The Blight

What’ s there to say? We didn’ t care for him much,
and you can’ t exactly commiserate
with someone you don’ t just not love
but almost (admit it) hate.
So the news just hung over us
like the dud summer weather we’ d had —
rain since June, the lawn sodden,
garden a bog, all slugs, late blight so bad
our sickened Beefsteak vines, our Sweet One Hundreds,
San Marzanos, the lot,
yellowed half black before the fruit had set,
which, when it did, began to bloat and rot
before it ripened — but like I say

The Summer Bower

It is a place whither I’ ve often gone
For peace, and found it, secret, hushed, and cool,
A beautiful recess in neighboring woods.
Trees of the soberest hues, thick-leaved and tall,
Arch it o’ erhead and column it around,
Framing a covert, natural and wild,
Domelike and dim; though nowhere so enclosed
But that the gentlest breezes reach the spot
Unwearied and unweakened. Sound is here
A transient and unfrequent visitor;
Yet if the day be calm, not often then,
Whilst the high pines in one another’ s arms

Anonymous Lyric

It was the summer of 1976 when I saw the moon fall down.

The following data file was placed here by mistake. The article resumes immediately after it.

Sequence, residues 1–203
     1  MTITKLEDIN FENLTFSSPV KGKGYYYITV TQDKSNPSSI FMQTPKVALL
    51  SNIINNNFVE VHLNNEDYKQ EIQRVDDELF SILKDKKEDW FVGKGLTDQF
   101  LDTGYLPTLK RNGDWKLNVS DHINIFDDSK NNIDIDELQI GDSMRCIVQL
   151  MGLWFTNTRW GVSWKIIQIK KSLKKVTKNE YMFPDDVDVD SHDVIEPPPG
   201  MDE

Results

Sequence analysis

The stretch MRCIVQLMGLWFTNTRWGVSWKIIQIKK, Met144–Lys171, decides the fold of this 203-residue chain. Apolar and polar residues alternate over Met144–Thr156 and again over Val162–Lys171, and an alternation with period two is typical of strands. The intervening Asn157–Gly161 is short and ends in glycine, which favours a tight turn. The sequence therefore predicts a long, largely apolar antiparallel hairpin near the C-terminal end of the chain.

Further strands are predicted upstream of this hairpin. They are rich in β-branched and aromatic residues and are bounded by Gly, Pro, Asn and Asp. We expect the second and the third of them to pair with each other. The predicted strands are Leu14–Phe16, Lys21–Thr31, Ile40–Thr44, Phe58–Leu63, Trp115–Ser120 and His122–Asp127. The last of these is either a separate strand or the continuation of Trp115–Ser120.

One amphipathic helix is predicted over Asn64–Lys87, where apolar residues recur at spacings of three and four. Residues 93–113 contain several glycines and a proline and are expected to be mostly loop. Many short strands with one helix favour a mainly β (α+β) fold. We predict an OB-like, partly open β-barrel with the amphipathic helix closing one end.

It broke like a hen’ s egg on the sidewalk.

The garden roiled with weeds, hummed with gnats who settled clouds on my

oblivious siblings.

A great hunger insatiate to find / A dulcet ill, an evil sweetness blind.

A gush of yolk and then darker.

Somewhere a streetlamp disclosed the insides of a Chevy Impala — vinyl seats, the rear- view,

headrests and you, your hand through your hair.

An indistinguishable burning, failing bliss.

Spring A. D.

Again with spring
she wore light colours
and with gentle steps
again with spring
again in summer
she was smiling.

Among fresh blossoms
breast naked to the veins
beyond the dry night
beyond the white old men
debating quietly
whether it would be better
to give up the keys
or to pull the rope
and hang from the noose
to leave empty bodies
there where souls couldn’ t endure
there where the mind couldn’ t catch up
and knees buckled.

Photo of a Girl on a Beach

Once when I was harmless
and didn’ t know any better,

a mirror to the front of me
and an ocean behind,

I lay wedged in the middle of daylight,
paper-doll thin, dreaming,

then I vanished. I gave the day a fingerprint,
then forgot.

I sat naked on a towel
on a hot June Monday.

The sun etched the inside of my eyelids,
while a boy dozed at my side.

The smell of all oceans was around us —
steamy salt, shell, and sweat,

but I reached for the distant one.
A tide rose while I slept,

Still Life

We’ d often
been included in

the weather, whose
changes (as in the

still, portending
darknesses of after

noon) were hardly
evident, if even

manifest at all.
The August rain

over Mixcoac
& the deadening

of all aspect
at a distance:

yet our sudden
wet bodies, firm

swelling divested
finally of shirts

& trousers, left
beside turbid

footprints on
the tiled floor;

this tongue, these
lips the lightning